- Testimonials to his legal prowess include letters from Harvard law professor Lawrence Tribe, Los Angeles Mayor Eric Garcetti, Los Angeles City Attorney Mike Feuer and Sacramento Mayor Darrell Steinberg.
- Groban is a Harvard Law School graduate who took the lead helping Brown select judges during the past eight years. Although he has never been a judge, the state Commission on Judicial Nominees declared him to be exceptionally well qualified. In other words, he’s a shoo-in.
The big picture: Groban is 45. Each of Brown’s other appointees are in their 40s. They could serve for decades, making the court Brown’s most lasting legacy.
A California milestone for EVs
Electric vehicle sales in the U.S. and California. Source: Veloz
Nearly half the electric vehicles on the road nationally are in California, the electric car advocacy nonprofit Veloz reports.
As of last month, 500,000-plus EVs were registered here, accounting for 7.1 percent of California car sales in the first three quarters of the year.
- Five million electric cars on the road by 2030. That would result in a 10 percent reduction in emissions from the transportation sector, saving $640 million annually in air pollution related health costs, Veloz estimates.
- Two hundred fifty thousand public charging stations by 2025.
The California Air Resources Board earlier this month approved spending $200 million to increase access to charging in the Riverside-San Bernardino, Santa Cruz-Watsonville and in the Santa Rosa regions. The plan includes incentives for low-income drivers in rural areas.
- Thanks, Volkswagen: The money comes from VW’s settlement of the Dieselgate case in which the automaker falsified data about emissions from its diesel cars.
The California New Car Dealers Association reports electric vehicles increased 4 percent in the first nine months of 2018 in California.
- Light truck sales increased by 5.2 percent statewide, reflecting consumer tastes and relatively inexpensive gasoline. Nationally, light truck sales rose 6 percent.
We are sinking—literally
Google satellite image of Fresno farmland, via The California Sun
In much of the Central Valley, the ground is sinking beneath our feet, the result of a century of pumping the aquifer to irrigate crops.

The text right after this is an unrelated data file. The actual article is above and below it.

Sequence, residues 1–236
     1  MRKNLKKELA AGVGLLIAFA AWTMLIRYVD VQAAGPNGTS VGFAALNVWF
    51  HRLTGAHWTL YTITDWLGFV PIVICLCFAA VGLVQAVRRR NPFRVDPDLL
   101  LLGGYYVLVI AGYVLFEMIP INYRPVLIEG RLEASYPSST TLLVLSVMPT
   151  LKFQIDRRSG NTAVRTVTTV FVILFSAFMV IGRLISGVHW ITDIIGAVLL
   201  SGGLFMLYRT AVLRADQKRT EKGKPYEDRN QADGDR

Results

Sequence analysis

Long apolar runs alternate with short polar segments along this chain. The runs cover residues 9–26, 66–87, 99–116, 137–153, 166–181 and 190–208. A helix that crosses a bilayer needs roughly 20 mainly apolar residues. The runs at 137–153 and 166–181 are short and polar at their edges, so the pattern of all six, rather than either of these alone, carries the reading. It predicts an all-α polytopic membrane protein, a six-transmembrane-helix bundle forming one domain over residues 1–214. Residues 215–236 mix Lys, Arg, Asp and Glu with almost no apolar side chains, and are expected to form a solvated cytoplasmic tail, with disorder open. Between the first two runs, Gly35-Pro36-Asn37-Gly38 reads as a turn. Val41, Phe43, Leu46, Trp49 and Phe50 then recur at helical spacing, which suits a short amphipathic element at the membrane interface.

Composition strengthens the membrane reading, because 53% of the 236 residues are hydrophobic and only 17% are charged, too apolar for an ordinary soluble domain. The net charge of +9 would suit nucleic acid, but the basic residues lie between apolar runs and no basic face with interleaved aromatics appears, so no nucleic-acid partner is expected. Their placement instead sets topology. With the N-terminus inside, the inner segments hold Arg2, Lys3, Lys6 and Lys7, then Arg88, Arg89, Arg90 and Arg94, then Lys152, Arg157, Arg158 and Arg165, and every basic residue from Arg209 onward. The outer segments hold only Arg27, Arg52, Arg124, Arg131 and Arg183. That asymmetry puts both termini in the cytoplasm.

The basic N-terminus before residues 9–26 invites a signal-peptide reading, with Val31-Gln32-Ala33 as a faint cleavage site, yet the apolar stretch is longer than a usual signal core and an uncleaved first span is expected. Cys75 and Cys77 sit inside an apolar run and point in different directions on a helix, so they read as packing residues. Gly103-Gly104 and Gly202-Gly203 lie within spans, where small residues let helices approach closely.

- The California Sun, among our regular morning reads, is the latest publication to detail the phenomenon, offering stunning photos of the earth’s deflation, and noting that “so much water has been sucked up that the ground has dropped in places by as much as 30 feet.”
The Sun’s Mike McPhate: Subsidence in the Central Valley “represents what some hydrologists have called the single largest human alteration of the Earth’s topography.”
Commentary at CALmatters
Glenn Sacks, United Teachers of Los Angeles: Los Angeles teachers’ issues are fundamental. Among them: bloated class sizes, lack of full-time nurses in 80 percent of Los Angeles schools, annual waves of destructive layoffs, and more. The Los Angeles Unified School District has legitimate financial issues. However, the district has repeatedly projected deficits which don’t materialize.
Alma Hernández, Service Employees International Union: Californians voted their values of dignity, respect, and accountability at the polls in 2018. The SEIU’s effort will continue through 2020. We’ll be looking to see whether House members stick to their promises and vote their values on Capitol Hill.
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Gov. Jerry Brown's soon-to-be retirement home
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What Matters will be off next week, celebrating what really matters. To you and yours, we wish a warm, safe and stress-free holiday season. See you in 2019.